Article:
Untitled (Mary Magdelene), 1930



Untitled (Mary Magdelene), 1930


Untitled (Mary Magdalene) is an example of how Richard Nugent conveyed his homosexuality in his art fairly clearly. The painting is of a woman who is completely nude and seems to be standing up or coming forth from the page she is painted on. She is nude but her private parts are not of a typical woman. The figure is “performing a sexy burlesque of hyperbolized gender…[which] seem to mimic gender rather than express its authenticity .” This mimicry and hypergenderilization make this piece unique and even borderline grotesque. The nipples of the woman are very out of portion of the rest of her body and are erect to a very extreme level. Her facial make up is also very ‘draggish’ in style; one can assume that Nugent was pulling inspiration from the nightlife he often frequented. The color of her skin, thin painted on eye brows and lips and hair that is long and colorful all points to the performativity of her sexual expression and gender as a whole. The title of the series gains inspiration from a play entitled Salome that came out during the Harlem Renaissance, and the play itself made Salome the “characterization of … a potent symbol of sexual transgression. ” The sexualization of all images of the series is clear, but this image is the strongest in its features and over sexualization, with clear vagina exposed beneath translucent triangles and lips pursed. The image is powerful and expected of Nugents type of art.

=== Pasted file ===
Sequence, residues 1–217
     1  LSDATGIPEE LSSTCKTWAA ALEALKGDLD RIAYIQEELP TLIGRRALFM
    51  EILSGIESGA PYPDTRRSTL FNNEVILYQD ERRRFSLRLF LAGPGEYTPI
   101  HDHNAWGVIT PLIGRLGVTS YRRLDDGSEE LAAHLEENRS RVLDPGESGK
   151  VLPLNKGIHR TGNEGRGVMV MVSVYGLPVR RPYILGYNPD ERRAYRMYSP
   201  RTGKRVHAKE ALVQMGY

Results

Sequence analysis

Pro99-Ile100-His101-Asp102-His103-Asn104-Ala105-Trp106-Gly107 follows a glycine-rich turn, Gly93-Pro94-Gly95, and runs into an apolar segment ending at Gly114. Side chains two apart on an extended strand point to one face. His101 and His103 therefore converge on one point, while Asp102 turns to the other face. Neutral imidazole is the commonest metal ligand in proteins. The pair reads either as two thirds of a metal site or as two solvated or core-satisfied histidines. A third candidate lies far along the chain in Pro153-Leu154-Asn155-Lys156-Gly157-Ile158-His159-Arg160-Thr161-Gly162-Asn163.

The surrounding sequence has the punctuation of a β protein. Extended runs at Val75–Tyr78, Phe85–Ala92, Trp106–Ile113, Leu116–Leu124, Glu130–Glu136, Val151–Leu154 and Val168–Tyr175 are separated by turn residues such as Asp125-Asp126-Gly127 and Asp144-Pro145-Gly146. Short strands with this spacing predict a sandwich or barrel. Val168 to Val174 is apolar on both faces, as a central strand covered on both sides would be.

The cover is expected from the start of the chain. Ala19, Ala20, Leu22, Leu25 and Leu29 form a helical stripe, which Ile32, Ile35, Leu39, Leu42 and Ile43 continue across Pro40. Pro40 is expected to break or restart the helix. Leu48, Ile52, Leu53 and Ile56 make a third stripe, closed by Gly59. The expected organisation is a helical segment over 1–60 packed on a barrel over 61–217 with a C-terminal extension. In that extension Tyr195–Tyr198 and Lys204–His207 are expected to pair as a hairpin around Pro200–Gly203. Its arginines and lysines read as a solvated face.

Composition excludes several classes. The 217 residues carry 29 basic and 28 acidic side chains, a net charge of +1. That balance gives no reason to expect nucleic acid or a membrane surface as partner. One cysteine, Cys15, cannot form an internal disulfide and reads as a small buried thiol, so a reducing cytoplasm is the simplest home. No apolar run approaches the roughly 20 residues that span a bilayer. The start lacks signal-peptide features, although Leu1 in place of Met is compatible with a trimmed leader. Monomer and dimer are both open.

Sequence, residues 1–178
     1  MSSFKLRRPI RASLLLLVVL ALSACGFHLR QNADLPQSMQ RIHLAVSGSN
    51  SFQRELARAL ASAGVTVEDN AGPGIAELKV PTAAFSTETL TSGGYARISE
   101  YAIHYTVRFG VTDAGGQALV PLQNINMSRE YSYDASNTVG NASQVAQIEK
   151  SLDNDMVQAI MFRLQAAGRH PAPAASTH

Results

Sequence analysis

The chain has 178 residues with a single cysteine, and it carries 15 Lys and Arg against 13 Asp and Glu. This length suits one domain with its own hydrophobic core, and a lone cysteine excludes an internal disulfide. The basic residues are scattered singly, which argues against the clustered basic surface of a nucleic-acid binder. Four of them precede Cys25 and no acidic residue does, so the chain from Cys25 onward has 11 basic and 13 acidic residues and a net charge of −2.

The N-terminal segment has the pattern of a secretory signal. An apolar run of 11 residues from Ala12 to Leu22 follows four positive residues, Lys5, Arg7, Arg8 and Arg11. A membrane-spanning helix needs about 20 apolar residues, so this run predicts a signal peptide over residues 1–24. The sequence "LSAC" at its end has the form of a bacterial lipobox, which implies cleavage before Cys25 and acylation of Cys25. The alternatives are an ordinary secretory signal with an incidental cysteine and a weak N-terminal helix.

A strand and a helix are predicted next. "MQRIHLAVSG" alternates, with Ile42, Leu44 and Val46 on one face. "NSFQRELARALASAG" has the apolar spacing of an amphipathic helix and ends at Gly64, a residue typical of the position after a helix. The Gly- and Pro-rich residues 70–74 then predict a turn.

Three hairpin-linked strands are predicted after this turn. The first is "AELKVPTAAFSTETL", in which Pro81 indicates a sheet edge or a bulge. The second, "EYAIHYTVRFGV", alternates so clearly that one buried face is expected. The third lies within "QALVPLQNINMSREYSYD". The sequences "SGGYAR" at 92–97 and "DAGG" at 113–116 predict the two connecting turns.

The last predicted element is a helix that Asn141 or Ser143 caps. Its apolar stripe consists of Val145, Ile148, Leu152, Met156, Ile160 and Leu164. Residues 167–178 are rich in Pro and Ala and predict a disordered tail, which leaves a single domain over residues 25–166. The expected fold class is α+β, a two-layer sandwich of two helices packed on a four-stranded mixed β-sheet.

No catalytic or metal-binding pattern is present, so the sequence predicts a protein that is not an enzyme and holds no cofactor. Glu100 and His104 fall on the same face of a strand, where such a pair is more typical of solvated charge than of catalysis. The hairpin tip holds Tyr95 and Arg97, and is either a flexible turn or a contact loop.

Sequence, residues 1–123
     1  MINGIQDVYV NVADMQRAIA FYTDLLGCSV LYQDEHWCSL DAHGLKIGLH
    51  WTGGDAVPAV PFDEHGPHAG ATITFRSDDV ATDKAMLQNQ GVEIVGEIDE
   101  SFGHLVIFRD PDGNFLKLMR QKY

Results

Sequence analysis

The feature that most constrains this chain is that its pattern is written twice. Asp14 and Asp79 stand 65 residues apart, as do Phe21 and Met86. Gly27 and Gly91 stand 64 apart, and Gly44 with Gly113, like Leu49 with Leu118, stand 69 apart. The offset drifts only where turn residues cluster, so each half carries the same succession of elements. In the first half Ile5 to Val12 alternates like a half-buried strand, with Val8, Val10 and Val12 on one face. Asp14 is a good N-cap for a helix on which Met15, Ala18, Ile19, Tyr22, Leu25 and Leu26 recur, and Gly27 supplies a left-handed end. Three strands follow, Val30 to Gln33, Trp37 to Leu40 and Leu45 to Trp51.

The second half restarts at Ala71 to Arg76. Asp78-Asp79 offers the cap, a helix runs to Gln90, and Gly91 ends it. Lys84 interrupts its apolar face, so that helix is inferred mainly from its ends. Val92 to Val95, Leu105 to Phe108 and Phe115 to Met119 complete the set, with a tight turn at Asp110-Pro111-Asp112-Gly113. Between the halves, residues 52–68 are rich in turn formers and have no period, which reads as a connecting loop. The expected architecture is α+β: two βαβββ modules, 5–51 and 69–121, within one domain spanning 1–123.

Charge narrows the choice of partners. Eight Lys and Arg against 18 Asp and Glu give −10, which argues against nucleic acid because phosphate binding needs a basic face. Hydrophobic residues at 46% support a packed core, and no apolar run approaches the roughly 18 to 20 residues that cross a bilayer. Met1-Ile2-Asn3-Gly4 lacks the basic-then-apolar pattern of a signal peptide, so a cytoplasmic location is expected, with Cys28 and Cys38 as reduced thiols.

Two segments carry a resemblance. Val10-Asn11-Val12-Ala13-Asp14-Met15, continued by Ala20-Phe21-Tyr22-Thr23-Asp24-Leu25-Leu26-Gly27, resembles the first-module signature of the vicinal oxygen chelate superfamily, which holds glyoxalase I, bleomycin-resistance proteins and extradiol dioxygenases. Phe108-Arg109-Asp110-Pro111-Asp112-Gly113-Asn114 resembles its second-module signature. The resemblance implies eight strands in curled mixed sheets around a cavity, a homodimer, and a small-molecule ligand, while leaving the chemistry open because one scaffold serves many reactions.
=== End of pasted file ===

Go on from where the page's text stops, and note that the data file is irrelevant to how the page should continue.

Richard Bruce Nugent


Cidney Michelle Holliday